Where is the U.S. Economy Heading in 2016 and is Your Job Safe?
U.S. economic prosperity in 2015 is perhaps best described as confusing given stock market volatility, the Fed’s struggle to normalize monetary policy, the lowest labor force participation rate in nearly four decades, and a national debt quickly approaching $19 trillion relative to an unusually robust domestic housing market, a greatly improved national U-3 level unemployment rate, and an encouraging and fairly stable consumer price index (CPI). So what gives? Why the contradictions in trending behavior? What can be learned from this data and, perhaps most importantly, is your job safe in 2016?
December 16th the FOMC announced its intention to raise the federal funds rate for the first time in almost a decade “¼ to ½ percent”. Essentially the Fed stated this change of attitude is defensible due to various positive data measures. Unfortunately the Federal Reserve’s monetary policy has caused many to speculate housing appreciation levels post the Great Recession are unjustified, producing a questionable foundation that could lead to the next housing bubble. Of course time will tell if these conjectures materialize into reality, but what should be of concern is if your job is substantially affected by the housing industry. According to the National Association of Realtors, “existing-home sales dropped off considerably in November to the slowest pace in 19 months” noting definitive causation, at the moment, is uncertain.
Another example worth evaluating is the sudden sharp rise in initial unemployment benefit claims ending the week of December 26th – 20,000 to be exact – as reported by Reuters. Although seasonal employment is known for its volatility, the 4-week moving average climbed “4,500 to 277,000” and recipients collecting unemployment aid after the initial week “rose 3,000 to 2.20 million” to end the week of December 19th. Furthermore the Bureau of Labor Statistics (BLR) “Employment Situation Summary” for November 2015 disclosed “1.7 million persons…wanted and were available for work, and had looked for a job sometime in the prior 12 months” and another “594,000 discouraged workers…not currently looking for work because they believe no jobs are available for them.”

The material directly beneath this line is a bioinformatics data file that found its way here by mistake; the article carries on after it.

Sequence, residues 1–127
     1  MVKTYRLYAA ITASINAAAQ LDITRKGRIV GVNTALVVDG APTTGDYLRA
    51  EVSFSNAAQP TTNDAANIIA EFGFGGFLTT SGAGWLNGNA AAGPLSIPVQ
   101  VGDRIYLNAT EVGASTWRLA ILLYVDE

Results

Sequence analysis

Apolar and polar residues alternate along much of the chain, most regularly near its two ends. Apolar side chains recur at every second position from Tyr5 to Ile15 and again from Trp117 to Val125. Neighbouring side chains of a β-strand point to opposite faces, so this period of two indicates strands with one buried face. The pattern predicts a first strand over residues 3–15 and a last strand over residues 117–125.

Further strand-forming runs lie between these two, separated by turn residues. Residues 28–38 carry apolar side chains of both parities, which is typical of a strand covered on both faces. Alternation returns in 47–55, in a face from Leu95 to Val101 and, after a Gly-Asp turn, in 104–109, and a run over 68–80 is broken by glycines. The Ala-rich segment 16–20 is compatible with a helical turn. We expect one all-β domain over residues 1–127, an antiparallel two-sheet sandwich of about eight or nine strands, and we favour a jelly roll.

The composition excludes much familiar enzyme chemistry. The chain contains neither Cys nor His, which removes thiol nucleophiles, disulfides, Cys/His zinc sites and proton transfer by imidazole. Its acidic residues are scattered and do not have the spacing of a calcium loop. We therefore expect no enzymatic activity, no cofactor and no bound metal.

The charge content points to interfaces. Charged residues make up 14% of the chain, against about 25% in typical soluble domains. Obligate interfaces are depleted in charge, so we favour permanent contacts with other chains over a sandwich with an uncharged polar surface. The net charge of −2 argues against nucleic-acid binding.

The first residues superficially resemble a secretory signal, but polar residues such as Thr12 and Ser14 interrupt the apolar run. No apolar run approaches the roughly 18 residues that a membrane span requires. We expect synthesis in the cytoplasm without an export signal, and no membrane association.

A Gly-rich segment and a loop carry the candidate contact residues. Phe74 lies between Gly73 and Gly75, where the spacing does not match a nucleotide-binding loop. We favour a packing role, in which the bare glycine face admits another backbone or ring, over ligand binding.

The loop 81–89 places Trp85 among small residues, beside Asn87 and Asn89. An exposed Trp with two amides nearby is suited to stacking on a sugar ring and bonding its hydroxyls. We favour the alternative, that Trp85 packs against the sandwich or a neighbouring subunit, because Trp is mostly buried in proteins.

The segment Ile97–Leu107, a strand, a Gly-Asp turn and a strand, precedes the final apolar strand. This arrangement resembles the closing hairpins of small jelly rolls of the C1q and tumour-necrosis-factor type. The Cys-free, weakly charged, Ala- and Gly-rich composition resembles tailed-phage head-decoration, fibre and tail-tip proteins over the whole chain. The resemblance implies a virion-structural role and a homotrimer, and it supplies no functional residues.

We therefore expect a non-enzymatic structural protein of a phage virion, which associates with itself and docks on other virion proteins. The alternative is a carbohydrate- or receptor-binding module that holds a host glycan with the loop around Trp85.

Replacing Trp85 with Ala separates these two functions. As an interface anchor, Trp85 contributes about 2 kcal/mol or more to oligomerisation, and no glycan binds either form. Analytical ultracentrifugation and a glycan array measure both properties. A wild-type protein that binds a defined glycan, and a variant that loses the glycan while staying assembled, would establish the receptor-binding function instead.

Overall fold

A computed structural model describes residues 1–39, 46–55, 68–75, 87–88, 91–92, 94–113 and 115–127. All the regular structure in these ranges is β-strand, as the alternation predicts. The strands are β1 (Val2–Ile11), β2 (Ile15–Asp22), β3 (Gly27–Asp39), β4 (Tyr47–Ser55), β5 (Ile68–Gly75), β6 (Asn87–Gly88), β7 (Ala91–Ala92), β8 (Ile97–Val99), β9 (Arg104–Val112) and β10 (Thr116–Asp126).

Given the aforementioned, which is just a tiny piece of the tip of the ice berg when it comes to researching economic market indicators, it is reasonable to question job security in 2016. Consequently when did you last pause to reassess your chosen profession – industry in general – at the local level? For those searching for gainful employment or contemplating a career shift, have you examined the viability of finding gainful employment in the city, county, or state you call home? What are the job prospects and wages and are the opportunities sustainable relative to cost of living and economic trending patterns? For those interested in learning more about employment and wages, the BLR publishes a wealth of statistics for consumption on an ongoing basis.
The point is the U.S. economy has demonstrated an inability to fully recover from the devastating destruction caused by the 2008 Financial Crisis. Though improvements have been made, and together as a country it seems we are moving in the right direction, albeit very slowly, achieving economic strength and prosperity seems more of an elusive dream than an absolute guarantee. Accordingly if you have convinced yourself that you have achieved job security within your respective occupation maybe stepping back to re-evaluate and justify your logic is wise because realizing true U.S. economic prosperity in 2016 is arguably doubtful at the present time.